Looking for ways to make your business emails better? No matter whether you work in a dance studio or a corporate office, you probably send and receive a lot of emails. Did you know that on average, an office worker spends 28% of their work time reading and writing emails?*
It’s not just desk time. Most of us are carrying around our emails in our pockets on mobile devices. Typing with our thumbs on these little keypads means every word counts.
Learning how to improve your emails for business will optimize time spent AND help the bottom line. Try these tips for better business emails.
Write a Relevant Subject Line
When you start a new email, pause before writing in the “Subject” field. Think of a few words that will describe what your email’s topic. You want to motivate the readers to open it. Keep it short — ideally under 5 words. Most email programs will cut it off anyway. There is also thing as “too short.” Here are some examples.
Bad: “Phil needs photos of the company picnic from last July for using in the annual report that Michelle is working on and you can call me.” Better: “Urgent – company picnic photos needed soon”
Bad: “Meeting”. Better: “Required Staff Meeting Thursday Oct 15”
Bad: “P.O.”. Better: “Need details on P.O.”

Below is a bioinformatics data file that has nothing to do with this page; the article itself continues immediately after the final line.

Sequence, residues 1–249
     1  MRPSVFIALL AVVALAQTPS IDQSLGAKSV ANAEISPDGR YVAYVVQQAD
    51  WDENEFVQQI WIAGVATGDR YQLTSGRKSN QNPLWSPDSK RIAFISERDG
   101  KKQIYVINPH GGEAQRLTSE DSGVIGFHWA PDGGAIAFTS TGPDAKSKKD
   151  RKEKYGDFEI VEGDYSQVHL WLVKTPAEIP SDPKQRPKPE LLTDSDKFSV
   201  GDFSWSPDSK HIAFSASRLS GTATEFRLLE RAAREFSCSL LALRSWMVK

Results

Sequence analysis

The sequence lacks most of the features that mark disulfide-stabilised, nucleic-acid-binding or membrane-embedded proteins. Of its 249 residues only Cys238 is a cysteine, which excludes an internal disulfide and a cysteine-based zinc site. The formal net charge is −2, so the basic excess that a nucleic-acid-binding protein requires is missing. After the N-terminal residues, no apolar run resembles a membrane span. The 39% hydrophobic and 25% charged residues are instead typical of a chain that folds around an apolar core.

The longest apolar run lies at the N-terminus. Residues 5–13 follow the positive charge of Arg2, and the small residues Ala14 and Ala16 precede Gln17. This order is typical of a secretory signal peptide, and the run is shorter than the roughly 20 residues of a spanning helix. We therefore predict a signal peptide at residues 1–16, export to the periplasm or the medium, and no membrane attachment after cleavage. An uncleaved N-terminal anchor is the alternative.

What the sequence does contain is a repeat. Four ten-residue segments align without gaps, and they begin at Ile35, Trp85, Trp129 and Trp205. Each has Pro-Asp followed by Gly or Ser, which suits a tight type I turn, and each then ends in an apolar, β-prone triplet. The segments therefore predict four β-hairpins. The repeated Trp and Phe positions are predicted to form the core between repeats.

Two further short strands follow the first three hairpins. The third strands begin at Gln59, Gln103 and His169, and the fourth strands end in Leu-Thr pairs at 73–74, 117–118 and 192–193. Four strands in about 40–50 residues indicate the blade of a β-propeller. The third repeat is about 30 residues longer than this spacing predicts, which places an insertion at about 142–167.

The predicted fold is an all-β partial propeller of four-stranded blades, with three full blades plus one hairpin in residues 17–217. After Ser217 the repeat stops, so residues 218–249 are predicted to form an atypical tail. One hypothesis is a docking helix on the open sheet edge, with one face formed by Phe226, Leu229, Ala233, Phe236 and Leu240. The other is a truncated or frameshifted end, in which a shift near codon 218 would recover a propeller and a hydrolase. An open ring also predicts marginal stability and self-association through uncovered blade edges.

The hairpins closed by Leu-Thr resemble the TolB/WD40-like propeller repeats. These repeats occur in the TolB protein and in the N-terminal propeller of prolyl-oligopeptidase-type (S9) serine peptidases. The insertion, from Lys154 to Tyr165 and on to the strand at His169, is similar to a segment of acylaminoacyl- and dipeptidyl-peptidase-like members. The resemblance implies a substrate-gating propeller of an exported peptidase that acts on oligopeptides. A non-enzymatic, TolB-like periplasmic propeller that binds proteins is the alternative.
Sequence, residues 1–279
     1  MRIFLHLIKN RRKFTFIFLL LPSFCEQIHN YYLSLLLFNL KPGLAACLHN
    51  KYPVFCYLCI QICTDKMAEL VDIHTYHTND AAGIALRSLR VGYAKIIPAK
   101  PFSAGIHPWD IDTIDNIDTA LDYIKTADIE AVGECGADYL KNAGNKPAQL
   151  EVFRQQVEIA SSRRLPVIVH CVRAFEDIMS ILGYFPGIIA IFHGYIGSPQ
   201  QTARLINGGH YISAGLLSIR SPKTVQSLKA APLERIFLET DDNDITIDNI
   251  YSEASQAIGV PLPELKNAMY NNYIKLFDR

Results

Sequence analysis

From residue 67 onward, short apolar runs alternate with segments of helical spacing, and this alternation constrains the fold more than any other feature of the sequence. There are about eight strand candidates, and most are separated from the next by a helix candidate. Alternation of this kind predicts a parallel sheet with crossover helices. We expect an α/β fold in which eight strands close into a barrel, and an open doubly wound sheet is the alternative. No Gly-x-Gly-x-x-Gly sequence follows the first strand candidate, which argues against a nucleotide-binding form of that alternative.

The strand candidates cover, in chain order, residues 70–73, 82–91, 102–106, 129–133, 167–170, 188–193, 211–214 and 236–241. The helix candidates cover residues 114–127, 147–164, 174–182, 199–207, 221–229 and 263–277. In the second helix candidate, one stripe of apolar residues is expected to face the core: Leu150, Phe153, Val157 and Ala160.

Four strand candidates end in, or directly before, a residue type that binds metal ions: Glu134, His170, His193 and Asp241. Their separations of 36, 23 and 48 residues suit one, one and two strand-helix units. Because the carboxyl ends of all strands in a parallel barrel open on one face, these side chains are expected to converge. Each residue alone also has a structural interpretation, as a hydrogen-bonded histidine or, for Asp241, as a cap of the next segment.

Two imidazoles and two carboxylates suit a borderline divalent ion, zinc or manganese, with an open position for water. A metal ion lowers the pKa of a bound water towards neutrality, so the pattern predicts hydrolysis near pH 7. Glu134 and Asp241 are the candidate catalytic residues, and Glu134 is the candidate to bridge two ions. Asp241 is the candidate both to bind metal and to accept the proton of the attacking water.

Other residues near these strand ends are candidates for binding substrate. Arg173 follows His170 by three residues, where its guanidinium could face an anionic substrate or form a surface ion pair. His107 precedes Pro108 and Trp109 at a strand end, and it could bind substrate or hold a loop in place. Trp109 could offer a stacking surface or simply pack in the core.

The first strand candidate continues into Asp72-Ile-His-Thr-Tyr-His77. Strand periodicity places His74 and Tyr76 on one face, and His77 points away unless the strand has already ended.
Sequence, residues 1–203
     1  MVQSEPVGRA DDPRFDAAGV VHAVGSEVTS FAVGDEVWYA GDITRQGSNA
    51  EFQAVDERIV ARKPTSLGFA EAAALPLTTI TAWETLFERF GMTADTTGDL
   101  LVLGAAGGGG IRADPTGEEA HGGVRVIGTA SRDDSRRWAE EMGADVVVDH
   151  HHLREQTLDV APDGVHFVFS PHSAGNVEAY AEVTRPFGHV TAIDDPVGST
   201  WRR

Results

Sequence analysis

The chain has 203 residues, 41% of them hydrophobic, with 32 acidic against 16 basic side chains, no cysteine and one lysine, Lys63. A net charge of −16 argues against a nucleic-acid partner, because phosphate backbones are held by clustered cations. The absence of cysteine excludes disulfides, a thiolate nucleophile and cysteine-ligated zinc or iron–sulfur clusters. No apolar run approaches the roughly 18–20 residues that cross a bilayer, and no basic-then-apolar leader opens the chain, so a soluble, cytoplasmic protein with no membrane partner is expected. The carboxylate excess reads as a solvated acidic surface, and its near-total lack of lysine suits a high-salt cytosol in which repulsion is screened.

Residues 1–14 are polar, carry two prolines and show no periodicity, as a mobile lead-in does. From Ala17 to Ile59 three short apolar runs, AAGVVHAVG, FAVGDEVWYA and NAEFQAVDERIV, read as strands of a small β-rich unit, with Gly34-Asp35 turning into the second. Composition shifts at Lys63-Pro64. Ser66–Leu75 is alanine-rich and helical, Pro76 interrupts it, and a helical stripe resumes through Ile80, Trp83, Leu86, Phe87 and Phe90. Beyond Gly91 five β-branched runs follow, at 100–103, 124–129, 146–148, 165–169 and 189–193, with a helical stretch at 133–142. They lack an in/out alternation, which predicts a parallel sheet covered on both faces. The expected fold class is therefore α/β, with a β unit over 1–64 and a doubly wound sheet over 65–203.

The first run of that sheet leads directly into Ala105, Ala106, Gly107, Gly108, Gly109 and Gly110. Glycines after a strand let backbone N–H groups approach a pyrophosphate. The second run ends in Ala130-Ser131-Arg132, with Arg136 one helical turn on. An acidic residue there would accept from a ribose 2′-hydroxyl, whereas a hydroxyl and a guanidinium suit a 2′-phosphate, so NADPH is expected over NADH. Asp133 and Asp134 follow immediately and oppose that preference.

Bad: “Important!” Better: “Please call by 5 today”
Make Your Main Point Up Front
The first sentence of your email needs to contain your main point. The rest of the email should back up your main point and provide details. Be specific. Starting with “This is crucial to the company” or “It needs to be completed by next week” is a weak kick-off.
Keep it Short
If your email exceeds 2 or 3 paragraphs, it’s probably too long. Your readers might set it aside for “later,” and “later” never comes. See if you can shorten it by deleting less-important or redundant information. You might be better off setting up a meeting (phone, skype or in-person). Or make an optional attachment. Thumb-typers on smartphones learn this PDQ (Pretty Darned Quickly)!
Avoid — OMG — Textspeak
TXTRS R ROFLOL sending personal communications on their phones. Translation: Texters are rolling on the floor laughing. In business, though, abbreviations and acronyms that were invented for chat rooms and texting can leave your readers wondering “WUWT (what’s up with that?).” If speed is the problem, take lessons to improve your typing skills on a keyboard, or practice with your thumbs on a mobile device. But textspeak doesn’t belong in business emails.
Use “please” and “thank you.” DON’T USE ALL CAPS BECAUSE THAT IS SHOUTING. Prove that the pen is mightier than the sword by crafting a polite, factual, non-accusatory email. All lower case comes across as meek.
Create a simple signature block that appears in every email. Include your name, company name, business address, and phone number. It’s not terribly professional to include cute artwork and poignant quotes.
“ARG!” is the sound of someone hitting “send” just before noticing a mistake. If your device is using auto-correct, check every few words as you go along. You could accidentally say something really embarrassing. Then read the whole thing after you are done, and make any needed edits and corrections.
*McKinsey Global Institute, reported by Jordan Weissmann in The Atlantic (July 28, 2012)